In the field of microelectronics, Extreme Ultraviolet (EUV) lithography operating at λ=13,5 nm, appears, today, as the
most promising future technology. The viability of this next generation technology has to face, however, several technical issues. Among them, the realisation of defect-free lithography masks is certainly one of the most serious issue. These masks, which work as reflective components, are composed of an EUV reflective Mo/Si multi-layer coating deposited on a glass substrate and covered, on the top, by an absorbing stack. Up to now, as far as defect specification is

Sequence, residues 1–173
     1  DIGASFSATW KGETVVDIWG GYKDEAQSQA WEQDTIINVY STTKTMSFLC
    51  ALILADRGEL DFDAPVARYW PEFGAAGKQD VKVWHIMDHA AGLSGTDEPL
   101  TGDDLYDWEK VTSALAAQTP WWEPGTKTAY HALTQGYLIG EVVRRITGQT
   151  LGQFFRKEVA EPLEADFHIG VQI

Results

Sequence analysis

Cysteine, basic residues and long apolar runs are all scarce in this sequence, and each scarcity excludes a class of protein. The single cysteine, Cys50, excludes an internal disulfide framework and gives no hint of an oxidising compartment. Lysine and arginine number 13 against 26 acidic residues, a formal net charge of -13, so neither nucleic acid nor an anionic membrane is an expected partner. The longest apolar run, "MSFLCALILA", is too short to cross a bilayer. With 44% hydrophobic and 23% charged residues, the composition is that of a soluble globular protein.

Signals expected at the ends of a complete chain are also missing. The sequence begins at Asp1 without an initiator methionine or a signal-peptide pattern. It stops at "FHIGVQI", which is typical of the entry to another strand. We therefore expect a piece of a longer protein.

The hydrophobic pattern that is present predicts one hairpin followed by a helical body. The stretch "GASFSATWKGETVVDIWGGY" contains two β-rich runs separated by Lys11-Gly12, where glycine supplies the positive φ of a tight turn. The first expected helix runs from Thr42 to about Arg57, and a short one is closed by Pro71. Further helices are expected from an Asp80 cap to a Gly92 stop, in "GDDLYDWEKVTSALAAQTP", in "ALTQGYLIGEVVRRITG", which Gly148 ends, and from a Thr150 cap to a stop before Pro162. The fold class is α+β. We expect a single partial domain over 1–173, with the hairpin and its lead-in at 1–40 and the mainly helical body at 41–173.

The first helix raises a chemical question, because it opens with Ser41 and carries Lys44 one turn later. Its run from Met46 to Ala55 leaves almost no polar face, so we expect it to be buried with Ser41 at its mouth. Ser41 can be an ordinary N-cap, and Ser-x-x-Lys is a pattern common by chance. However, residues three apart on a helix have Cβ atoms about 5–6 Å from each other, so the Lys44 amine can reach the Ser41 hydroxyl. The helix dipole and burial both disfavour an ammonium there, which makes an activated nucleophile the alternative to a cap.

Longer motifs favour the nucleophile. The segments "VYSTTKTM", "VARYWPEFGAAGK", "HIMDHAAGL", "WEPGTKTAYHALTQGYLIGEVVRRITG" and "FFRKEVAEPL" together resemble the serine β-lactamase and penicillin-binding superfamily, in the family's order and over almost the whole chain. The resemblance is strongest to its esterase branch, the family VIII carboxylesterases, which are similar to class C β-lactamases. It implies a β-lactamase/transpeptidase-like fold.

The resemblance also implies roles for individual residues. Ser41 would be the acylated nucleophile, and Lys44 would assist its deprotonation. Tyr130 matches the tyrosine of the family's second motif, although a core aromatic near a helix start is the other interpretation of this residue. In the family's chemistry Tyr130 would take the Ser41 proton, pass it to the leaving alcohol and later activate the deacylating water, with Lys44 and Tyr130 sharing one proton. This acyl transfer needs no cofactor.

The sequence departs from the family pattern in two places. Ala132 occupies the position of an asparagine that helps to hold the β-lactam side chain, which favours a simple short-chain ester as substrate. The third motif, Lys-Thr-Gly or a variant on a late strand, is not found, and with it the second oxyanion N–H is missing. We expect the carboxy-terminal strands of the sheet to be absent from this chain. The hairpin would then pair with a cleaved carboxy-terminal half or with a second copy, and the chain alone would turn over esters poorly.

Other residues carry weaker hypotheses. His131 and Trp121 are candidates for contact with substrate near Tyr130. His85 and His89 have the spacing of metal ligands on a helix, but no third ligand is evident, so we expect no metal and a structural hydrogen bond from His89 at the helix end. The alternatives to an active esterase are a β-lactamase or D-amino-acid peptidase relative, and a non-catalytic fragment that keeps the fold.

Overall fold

concerned, Ion Beam Sputtering (IBS) deposition has been proved to be the most appropriate technology. Nevertheless, the necessity to meet other specifications like, for instance, maximum EUV reflectance, requires further studies to better understand the way such IBS multi-layer Mo/Si structures are growing. In this paper, an experimental investigation on the deposition of IBS Mo/Si multi-layers is presented. We focused our interest on a comparison between argon and xenon sputtering conditions. After a brief description of deposition process, the mechanical and optical properties of the films are first reported. Then, the microstructures and chemical profiles of Mo/Si multi-layers, deduced from investigations by high-resolution transmission electron microscopy (HRTEM) and energy filtering TEM, are presented. Finally, the Mo/Si mirror characteristics are discussed on the basis of TEM observations and process considerations related to sputtering mechanisms taking place in the IBS deposition tools.